Last week was terrific in terms of increasing awareness of the blog and OnCompare. Of course, buzz just for the sake of it isn’t particularly useful. Much more useful for us is:

  1. Getting Twitter followers
  2. Getting beta signups
  3. Helping fellow startupers

#1 and #2 are easy (and fun) to measure, so that’s what’s below. #3 is why we really started the blog, but is likely impossible to measure and would make for a very boring post, so I’ll let Aaron write that one.

Filling the Funnel

Before last week, our best day in terms of blog page views was around 1k (a respectable number for a week-old blog) thanks in large part to a mention from @EricRies (specific tweet). Last Thursday, however, we brought in a little over 5k views after making it to the front page of Hacker News!

As for Friday, getting to write a guest post in TechFlash was huge. Both in terms of traffic but also building credibility within the Seattle startup community. Never underestimate the value of social proof.

Converting Twitter Followers

To us, a Twitter follower is worth more than a beta invite sign up because they’ll not only play with OnCompare when we launch, but there’s a good chance they’ll help us spread the word if we provide valuable info here on the blog.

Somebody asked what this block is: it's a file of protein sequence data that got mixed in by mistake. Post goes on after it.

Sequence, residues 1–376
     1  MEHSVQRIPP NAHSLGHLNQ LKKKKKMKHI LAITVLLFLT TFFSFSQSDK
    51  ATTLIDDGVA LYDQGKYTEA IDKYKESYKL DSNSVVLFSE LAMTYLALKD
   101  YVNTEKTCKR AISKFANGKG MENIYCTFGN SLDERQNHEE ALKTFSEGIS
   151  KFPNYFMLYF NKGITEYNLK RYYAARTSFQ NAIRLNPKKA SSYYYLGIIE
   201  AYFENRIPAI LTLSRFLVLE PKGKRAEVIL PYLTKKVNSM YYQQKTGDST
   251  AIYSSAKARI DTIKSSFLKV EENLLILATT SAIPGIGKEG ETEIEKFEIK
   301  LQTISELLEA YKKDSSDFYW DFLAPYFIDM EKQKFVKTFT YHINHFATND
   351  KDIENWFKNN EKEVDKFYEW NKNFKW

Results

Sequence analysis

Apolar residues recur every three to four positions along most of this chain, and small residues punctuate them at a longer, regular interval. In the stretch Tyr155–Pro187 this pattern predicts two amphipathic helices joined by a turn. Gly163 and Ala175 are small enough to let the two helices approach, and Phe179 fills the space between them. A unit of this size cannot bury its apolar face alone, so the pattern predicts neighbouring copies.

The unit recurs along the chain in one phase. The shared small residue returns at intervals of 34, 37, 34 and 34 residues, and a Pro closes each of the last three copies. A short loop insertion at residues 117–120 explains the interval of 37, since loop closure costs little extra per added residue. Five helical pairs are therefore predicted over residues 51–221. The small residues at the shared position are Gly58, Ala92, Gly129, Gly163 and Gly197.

After we got some attention on the 13th, the Eric Ries day, we quickly realized that people were happy to check out the blog, but very few of them were becoming Twitter users or signing up for the beta. The problem, we hypothesized, was an unclear call to action – visitors think the blog is the destination, not OnCompare. The solution, “Slap visitors in the face with a call to action.”

Here’s the before:

Before slapping visitors in the face

And after:

And after

So much better, right?

We think so, but measuring is hard on something like a blog with the metrics WordPress.com offers. Our click through rates to OnCompare.com and our Twitter feed have stayed steady at 15% but that probably means the new version is better than the old one.

On a blog, conversion rates will typically decline over time since the same folks will come back over and over when we post new content, but they’ll rarely go back to the beta sign page or our Twitter feed more than once.

All told, we’re feeling pretty good about our Twitter following at this point. 118 real people (no follower hoarding) in a two weeks isn’t bad – hopefully we can hit 200 by launch.

Converting Beta Users

While we don’t have a cool graph for our Twitter user increase over time, we do have one for our Beta signups:

 

Beta signups by hour

As you can see, we’re doing a good job converting buzz into signups, especially recently. Could we be doing better? Very likely, although I’m not sure the most efficient way to do that considering the massive amount of other work on our plate at this point. Tips are welcome!

One other number that might be interesting:

13.5%

The % of people who visit OnCompare and sign up as a beta user.

What other numbers/metrics should we focus on or would you like see?

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